For example, when training a neural network (which uses an algorithm like backpropagation), the result is an ML model that can classify images or recognize patterns. The algorithm guides the learning process, but the model is what performs the task after training.

## What is an Algorithm?

As mentioned earlier, an algorithm is a set of rules or a mathematical recipe used to perform a specific task or to solve a problem. In ML, an **algorithm **is the method used to train an ML model. Examples include linear regression, decision trees, k-nearest neighbors and gradient descent.

Algorithms are very well established in the IoT sensor world for a variety of tasks, such as instrumentation and measurement, cleaning sensor data, AR (augmented reality), predictive maintenance with MEMS sensors and navigation (drones, cars and robotics). The latter makes heavy use of Kalman filtering and sensor fusion, which has been used with great success for decades.

As a simple example of an algorithm, consider the task of calculating the mean or average of set of numbers in the following dataset, \(z=[3,2,1,4,6]\). The mean can be calculated using the following mathematical recipe,

\(\displaystyle\mu = \frac{1}{5}\sum_{n=0}^{4}z(n) = 3.2\)

Note that this result is deterministic, in the sense that it can be recreated and more importantly explained by anybody following the function’s mathematical recipe using the same input data. This is very different to a ML model that would also reach the same result for the same input dataset, but as discussed in the next section, explaining how the model reached the result remains an enigma.

## What is a DLN/ML Model?

An ML model is the resulting output or predicted result after training an algorithm on a various datasets. It typically uses various feature extraction algorithms (e.g. mean, standard deviation and correlation) during the training period in order to extract features of interest for the ML model. The resulting model represents the learned patterns, parameters, or rules that can be used to make predictions on new data.

A key point to realise here, is that unlike algorithms based on predefined rules and mathematical concepts, how the ML model reaches its result remains an enigma, and is the primary reason why they shouldn’t be allowed to operate without any scrutiny on critical processes. As such, AI systems are energy constrained Boltzmann machine models, as the model is trained on data.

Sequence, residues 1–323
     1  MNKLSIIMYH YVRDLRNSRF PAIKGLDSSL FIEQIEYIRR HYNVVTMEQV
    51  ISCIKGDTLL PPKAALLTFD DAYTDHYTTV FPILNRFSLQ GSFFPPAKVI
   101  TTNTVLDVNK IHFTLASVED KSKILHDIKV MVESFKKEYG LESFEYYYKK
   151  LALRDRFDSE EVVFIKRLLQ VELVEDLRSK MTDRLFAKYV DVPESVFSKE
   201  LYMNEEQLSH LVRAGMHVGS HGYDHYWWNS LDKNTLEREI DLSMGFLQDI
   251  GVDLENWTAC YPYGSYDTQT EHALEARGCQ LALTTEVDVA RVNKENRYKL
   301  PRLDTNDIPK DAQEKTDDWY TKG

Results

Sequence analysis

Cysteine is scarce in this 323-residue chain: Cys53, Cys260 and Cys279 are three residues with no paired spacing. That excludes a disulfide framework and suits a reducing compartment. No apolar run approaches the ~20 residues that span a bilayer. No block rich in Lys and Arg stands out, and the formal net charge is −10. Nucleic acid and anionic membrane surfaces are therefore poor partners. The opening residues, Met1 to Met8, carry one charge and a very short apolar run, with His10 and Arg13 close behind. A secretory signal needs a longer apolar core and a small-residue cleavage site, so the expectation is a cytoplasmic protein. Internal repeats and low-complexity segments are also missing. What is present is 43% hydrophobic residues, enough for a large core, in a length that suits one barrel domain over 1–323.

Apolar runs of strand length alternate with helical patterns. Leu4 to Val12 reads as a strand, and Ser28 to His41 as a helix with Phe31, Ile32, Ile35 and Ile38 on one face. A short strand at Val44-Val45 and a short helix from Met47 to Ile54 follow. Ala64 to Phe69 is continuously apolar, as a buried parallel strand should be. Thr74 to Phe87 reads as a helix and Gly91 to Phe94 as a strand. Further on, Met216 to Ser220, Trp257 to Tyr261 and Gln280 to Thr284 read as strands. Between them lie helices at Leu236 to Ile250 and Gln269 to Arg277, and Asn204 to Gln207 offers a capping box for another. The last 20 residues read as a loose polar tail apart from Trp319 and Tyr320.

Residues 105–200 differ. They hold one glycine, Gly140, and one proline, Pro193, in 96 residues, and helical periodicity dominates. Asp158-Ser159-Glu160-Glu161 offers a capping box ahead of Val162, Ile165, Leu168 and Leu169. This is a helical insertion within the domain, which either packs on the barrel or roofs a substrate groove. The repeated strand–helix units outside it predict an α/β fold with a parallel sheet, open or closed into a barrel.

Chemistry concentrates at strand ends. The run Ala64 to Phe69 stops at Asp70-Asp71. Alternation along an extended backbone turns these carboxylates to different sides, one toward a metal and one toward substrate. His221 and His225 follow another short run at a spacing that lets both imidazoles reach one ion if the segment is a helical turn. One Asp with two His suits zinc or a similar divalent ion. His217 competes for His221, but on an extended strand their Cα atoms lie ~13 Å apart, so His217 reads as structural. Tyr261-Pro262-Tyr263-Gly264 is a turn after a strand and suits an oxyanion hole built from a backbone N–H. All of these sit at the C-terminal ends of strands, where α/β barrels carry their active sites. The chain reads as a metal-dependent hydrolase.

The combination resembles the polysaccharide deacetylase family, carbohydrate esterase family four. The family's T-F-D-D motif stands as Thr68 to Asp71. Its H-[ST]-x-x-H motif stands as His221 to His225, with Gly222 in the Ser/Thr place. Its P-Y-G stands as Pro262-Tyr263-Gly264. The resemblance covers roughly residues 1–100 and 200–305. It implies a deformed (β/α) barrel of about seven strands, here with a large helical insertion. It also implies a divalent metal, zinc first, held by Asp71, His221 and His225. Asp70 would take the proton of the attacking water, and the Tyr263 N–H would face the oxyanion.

In many AIoT applications, Kalman based sensor fusion is typically used for feeding the ML model with high quality features of the underlying process, thus significantly improving the accuracy of the AI system.

## How Algorithms and DLN/ML Models Interact

A model provides the capability to make decisions based on input data. It can recognize patterns, make predictions, and adapt to new information. Essentially, a model simulates cognitive functions that are typically associated with human thinking, such as dealing with ambiguity and uncertainty, but as discussed in a previous article, AI does not have any common sense, as it has no understanding of the underlying data or process that it is modelling.

On the other hand, an algorithm is a set of defined instructions or a mathematical recipe. It is a rules based step-by-step procedure used for calculations, data processing, and automated reasoning tasks. Algorithms are the backbone of software and can solve a wide range of problems by following their defined logic.

However, not all functions are computable. This means that there are certain problems for which no algorithm can be formulated to provide a solution. These are referred to as non-computable functions. In such cases, even the most advanced algorithms cannot determine an outcome, highlighting a fundamental limitation in computational theory.

## Human Intelligence and Digital Intelligence

In the field of computation, it is essential to differentiate between traditional algorithms and machine learning models. An algorithm is a direct output of human intelligence, crafted through logical reasoning and problem-solving techniques. It represents a set of predefined instructions designed to solve specific problems. The human mind formulates these steps to ensure a consistent and accurate outcome.

In contrast, a trained machine learning (ML) model is the product of digital intelligence. While algorithms underpin the model’s structure, the true power of an ML model arises through its capacity to learn and adapt from new training data. This process involves iteratively adjusting parameters to optimize performance in tasks like prediction, classification, or decision-making. In this sense, the model evolves beyond its initial algorithmic foundation, generating insights and results that may not be directly encoded by human logic.